48 hours after admission, while the patient was in the Emergency Intensive Care Unit, he presented greater sensory involvement. Due to the unfavorable evolution, parents authorized the lumbar puncture procedure. They reported the result of cerebrospinal fluid with 10 cells/µL, 100% mononuclear, glucose at 21 mg / dL (serum 102 mg / dL) and protein at 132 mg / dL. The anamnesis was expanded, father responds that he had pulmonary TB when the patient was three months old and that his home contacts did not receive prophylaxis. Due to probable TM, specific treatment plus dexamethasone was started and orders for direct smear microscopy were generated. 24 hours after starting specific treatment for TB, the patient presented sudden deterioration in the level of consciousness, score 3 according Glasgow Coma Scale (ECG 3), which is why the patient was intubated and subsequently placed under ventilation invasive mechanics.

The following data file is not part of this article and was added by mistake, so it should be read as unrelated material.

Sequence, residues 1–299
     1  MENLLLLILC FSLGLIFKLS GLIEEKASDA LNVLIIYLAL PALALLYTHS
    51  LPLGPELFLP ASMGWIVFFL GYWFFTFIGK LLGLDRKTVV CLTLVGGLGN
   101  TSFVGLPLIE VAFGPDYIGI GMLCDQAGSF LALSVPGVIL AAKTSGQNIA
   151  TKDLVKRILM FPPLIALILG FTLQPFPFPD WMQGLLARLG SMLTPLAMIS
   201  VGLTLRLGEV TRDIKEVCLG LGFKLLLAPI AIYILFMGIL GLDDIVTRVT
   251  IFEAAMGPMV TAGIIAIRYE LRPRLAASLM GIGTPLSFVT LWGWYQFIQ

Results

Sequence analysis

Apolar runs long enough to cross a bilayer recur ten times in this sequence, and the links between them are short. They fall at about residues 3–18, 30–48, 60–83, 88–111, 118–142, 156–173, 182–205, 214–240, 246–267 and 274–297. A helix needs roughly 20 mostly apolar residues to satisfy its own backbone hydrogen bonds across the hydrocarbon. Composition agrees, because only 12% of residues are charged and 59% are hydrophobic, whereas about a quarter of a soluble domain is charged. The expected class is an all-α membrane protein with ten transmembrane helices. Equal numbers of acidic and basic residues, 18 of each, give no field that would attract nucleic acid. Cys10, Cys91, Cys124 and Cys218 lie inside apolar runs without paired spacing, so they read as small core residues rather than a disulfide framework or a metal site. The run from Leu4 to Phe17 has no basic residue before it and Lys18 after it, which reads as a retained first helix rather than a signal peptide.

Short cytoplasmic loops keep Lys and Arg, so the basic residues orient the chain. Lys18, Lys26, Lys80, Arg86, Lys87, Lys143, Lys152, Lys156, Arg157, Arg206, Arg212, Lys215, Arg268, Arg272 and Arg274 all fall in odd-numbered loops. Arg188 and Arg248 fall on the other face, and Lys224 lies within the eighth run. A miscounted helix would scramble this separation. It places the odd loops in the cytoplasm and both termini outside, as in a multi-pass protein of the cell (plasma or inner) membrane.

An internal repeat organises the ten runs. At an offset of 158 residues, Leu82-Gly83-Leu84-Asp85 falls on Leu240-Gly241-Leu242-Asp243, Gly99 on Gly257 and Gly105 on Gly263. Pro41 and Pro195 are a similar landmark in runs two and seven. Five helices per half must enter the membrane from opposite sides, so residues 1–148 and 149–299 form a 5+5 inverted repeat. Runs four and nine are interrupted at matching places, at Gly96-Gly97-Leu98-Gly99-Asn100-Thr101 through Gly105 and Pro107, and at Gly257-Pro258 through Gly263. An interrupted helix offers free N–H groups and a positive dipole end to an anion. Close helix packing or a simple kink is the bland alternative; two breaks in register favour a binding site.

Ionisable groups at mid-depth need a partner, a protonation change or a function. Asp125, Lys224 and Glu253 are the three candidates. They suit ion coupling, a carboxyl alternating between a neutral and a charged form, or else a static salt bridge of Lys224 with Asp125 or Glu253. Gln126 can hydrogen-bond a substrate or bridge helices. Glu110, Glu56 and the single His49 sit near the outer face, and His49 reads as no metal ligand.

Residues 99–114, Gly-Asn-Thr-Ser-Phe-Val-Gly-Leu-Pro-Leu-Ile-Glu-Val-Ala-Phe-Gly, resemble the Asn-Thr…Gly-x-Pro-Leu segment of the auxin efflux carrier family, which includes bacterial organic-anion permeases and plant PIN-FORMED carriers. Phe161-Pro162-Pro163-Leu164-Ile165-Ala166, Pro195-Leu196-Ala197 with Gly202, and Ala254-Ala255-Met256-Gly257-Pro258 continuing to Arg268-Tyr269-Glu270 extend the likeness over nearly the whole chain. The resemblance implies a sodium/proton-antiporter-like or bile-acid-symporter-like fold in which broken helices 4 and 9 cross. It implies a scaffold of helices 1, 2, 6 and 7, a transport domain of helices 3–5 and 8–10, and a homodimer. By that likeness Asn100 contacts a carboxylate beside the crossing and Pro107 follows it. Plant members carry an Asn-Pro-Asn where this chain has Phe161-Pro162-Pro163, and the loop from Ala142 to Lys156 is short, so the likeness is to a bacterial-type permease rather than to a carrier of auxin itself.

New neuroimaging was requested, evidencing the presence of ventricular dilation associated with diffuse cerebral edema with multiple hypodense areas at the bilateral frontoparietotemporal level and the brain stem ( Figure 2). The neurosurgery unit programmed the patient for placement of external ventricular drainage (EVD), the procedure being delayed due to the patient's general poor condition.

Figure 2. Cross-sectional computed axial tomography (CT) of the brain, with images compatible with multiple cerebral infarcts.